NHS Centre for Reviews and Dissemination
Record ID 32002000384
Authors' objectives:

This bulletin aims to summarise the available evidence on the effectiveness of acupuncture.

Authors' recomendations: - Acupuncture involves the stimulation of specific points (acupoints) on the skin, usually by the insertion of needles. It is widely used in both private and NHS settings. It has been estimated that one million acupuncture treatments are given on the NHS and two million in the private sector in England each year. - In the West, acupuncture is most commonly used for the treatment of chronic pain, particularly musculoskeletal complaints. Whilst there are many RCTs evaluating the effectiveness of acupuncture, the majority are of poor quality and provide conflicting evidence. - Acupuncture appears to be effective for postoperative nausea and vomiting in adults, chemotherapy-related nausea and vomiting and for postoperative dental pain. - Current evidence suggests that acupuncture is unlikely to be of benefit for obesity, smoking cessation and tinnitus. For most other conditions, the available evidence is insufficient to guide clinical decisions. - Acupuncture appears a relatively safe treatment in the hands of suitably qualified practitioners, with serious adverse events being extremely rare.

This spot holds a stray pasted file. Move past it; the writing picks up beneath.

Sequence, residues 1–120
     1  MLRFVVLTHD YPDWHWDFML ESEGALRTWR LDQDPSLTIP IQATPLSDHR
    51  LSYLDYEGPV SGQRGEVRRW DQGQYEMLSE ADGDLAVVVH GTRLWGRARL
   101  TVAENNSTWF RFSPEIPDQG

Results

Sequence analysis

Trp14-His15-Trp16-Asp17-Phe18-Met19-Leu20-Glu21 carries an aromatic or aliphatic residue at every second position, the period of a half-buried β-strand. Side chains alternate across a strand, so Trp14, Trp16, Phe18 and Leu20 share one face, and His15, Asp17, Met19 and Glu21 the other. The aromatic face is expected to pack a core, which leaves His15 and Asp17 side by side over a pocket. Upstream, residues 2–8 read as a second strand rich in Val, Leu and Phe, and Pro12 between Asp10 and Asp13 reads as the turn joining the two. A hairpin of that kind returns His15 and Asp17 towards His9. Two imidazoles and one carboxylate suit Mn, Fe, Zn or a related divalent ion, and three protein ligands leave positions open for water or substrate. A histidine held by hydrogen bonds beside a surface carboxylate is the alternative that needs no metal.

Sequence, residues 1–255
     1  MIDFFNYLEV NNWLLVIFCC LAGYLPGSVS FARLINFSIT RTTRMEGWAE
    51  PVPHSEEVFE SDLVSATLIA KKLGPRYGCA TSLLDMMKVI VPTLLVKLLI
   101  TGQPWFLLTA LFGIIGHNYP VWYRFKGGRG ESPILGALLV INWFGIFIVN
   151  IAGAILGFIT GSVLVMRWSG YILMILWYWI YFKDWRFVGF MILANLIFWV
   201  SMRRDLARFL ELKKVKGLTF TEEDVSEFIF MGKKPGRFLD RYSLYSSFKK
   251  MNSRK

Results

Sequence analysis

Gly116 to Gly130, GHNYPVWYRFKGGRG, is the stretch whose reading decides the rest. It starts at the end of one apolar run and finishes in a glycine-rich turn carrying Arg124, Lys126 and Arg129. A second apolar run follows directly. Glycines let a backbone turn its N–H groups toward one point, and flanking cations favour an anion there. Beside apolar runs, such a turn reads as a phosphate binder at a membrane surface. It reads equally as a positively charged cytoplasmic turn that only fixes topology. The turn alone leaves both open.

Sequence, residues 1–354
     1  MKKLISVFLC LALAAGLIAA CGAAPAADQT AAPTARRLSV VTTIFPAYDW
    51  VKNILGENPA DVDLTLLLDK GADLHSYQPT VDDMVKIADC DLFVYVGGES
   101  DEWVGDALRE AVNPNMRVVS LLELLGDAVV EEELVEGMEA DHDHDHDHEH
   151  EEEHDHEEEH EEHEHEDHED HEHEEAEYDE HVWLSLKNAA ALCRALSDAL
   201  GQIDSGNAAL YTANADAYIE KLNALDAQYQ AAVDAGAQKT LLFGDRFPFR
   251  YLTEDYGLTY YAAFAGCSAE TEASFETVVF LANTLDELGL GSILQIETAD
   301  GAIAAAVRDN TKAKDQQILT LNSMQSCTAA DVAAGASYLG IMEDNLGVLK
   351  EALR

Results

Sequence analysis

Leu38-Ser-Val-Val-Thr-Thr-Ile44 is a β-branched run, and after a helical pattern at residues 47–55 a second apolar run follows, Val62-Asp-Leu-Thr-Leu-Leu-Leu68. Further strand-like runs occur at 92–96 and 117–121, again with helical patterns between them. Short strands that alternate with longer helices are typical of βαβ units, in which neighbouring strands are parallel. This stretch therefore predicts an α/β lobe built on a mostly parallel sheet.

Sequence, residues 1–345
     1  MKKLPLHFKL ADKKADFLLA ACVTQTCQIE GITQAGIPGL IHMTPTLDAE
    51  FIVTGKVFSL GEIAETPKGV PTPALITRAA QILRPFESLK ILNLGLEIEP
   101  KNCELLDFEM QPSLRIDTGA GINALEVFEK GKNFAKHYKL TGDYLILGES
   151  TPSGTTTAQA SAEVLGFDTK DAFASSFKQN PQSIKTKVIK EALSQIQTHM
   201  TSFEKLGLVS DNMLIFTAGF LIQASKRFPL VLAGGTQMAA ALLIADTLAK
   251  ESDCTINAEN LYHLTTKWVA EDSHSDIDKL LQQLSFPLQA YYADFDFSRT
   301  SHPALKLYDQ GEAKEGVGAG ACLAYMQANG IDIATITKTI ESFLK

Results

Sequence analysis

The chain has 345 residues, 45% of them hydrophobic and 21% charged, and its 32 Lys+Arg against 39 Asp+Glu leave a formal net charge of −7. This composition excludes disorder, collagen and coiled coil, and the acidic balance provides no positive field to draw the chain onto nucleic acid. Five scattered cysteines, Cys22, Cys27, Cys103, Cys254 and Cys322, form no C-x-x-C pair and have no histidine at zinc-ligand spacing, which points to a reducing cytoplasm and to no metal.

Authors' methods: Systematic review
Project Status: Completed
Year Published: 2001
English language abstract: An English language summary is available
Publication Type: Not Assigned
Country: England
MeSH Terms
  • Acupuncture Therapy
  • Complementary Therapies
Organisation Name: University of York
Contact Address: University of York, York, Y01 5DD, United Kingdom. Tel: +44 1904 321040, Fax: +44 1904 321041,
Contact Name:
Contact Email:
Copyright: Centre for Reviews and Dissemination
This is a bibliographic record of a published health technology assessment from a member of INAHTA or other HTA producer. No evaluation of the quality of this assessment has been made for the HTA database.